Consequential Damages Non Disclosure Agreement


In addition, the confidentiality period should treat trade secrets separately from other types of confidential information so that, despite the expiry of the confidentiality obligations under the NDA, the obligations of the receiving party with respect to trade secrets remain in force as long as the trade secrets remain trade secrets under the applicable law. But I remember that in my research on Koncision, I found an even more immediate reason not to formulate the model of Koncision`s confidentiality agreement in such a way that the author could prevent the disclosing party from claiming indirect damages: if the recipient discloses confidential information that is not provided for in the contract, any damage suffered by the disclosing party would be, probably indirect damages. In an exclusion of liability for consequential damages, the parties will include language that rejects consequential damages in the event of a violation of the NDA. This disclaimer is often not accepted by the disclosing party because the damages they are most likely to claim in the event of a violation of the NDA are consequential damages. This would leave little recourse to the disclosing party when a breach occurs. If such restrictions have been agreed, it is more difficult to obtain compensation for breach of confidentiality. Buyers often focus on the first provision, but do not fall within the second provision, perhaps because it reads like standard language that reasonably confirms that the seller is not liable for speculative claims for damages. But this is a misconception – the waiver of consequential damages has important implications, especially when it comes to breaches of confidentiality. The non-disclosure agreement is a real agreement that carries real obligations for the parties and must be treated as such. Note that non-disclosure agreements generally do not include exclusions of liability for consequential damages, and breaches of confidentiality are generally expressly excluded from consequential exclusions contained in the operational document that the parties may enter into (for example. B a framework supply agreement).

More information on the exclusions of liability for consequential damages and their fallout can be found in my blog post here. Therefore, a breach of a confidentiality agreement can result in significant financial damage. Confidentiality or non-disclosure agreements (NDAs) may limit or exclude the parties` liability for damages in certain circumstances. Clauses such as “in no event shall one party be liable to the other for indirect, special or consequential damages” are common and are often accepted in contractual negotiations, sometimes only on the condition that they are based on reciprocity. A clause like the one mentioned above may seem standard and to the benefit of both parties, but in the context of a confidentiality agreement, this clause can have serious consequences for the business owner who discloses confidential information. A residual clause poses a significant risk to the disclosing party under a confidentiality agreement because the recipient of confidential information with a residual clause has the right to use residue for any purpose – even to compete with the disclosing party – if a person can “remember” the information. The only protection for the disclosing party is if: 1) the confidential information is also protected by copyright or patent law, which is often not the case; or (2) the parties have negotiated some kind of non-compete obligation that, in practice, would prohibit the use of residues. Consequential damages: it is preferable to understand them as including all losses suffered by the non-infringing party due to the particular circumstances of the non-infringing party of which the parties were aware at the time of the conclusion of the contract; in other words, consequential damage includes all contractually recoverable damages that are neither direct nor incidental damages; also known as “special” damage. If you need help with direct damages due to a breach of company privacy, you can publish your legal requirements on the UpCounsel marketplace.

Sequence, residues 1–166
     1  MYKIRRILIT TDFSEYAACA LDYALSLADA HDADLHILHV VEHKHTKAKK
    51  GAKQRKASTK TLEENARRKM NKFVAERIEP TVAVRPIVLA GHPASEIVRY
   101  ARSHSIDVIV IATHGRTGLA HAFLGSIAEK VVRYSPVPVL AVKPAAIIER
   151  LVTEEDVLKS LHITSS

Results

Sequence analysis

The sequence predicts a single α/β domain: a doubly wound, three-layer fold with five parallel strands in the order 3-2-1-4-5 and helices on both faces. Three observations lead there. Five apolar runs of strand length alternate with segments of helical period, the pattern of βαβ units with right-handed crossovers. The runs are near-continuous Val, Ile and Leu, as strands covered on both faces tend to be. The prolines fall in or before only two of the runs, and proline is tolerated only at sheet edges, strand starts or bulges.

UpCounsel only accepts the top 5% of lawyers on its website. UpCounsel`s lawyers come from law schools such as Harvard Law and Yale Law and have an average of 14 years of legal experience, including working with or on behalf of companies such as Google, Menlo Ventures and Airbnb. Rocket Lawyer`s confidentiality agreement excludes the recipient, not the disclosing party, from claiming consequential damages. Interestingly, it seems that the exclusion in Rocket Lawyer`s confidentiality agreement is intended to exclude any liability. It would have been clearer to say that, although I do not know whether such a provision is enforceable, whether in its clear form or less clear. Before we get into the Eleventh Circuit decision in Silverpop, some general information about consequential damages can be helpful – When awarding contracts for IT services, it`s important that buyers carefully consider the risks of damage caused by the services, and then negotiate terms that properly share those risks between the parties. This forces both parties to reconsider the standard term favorable to the manufacturer without any consequential damage. While it may seem fairly easy to mark all communications as confidential, potential pitfalls can arise if parties do not implement procedures to meet the confidentiality requirements of the applicable NDA. .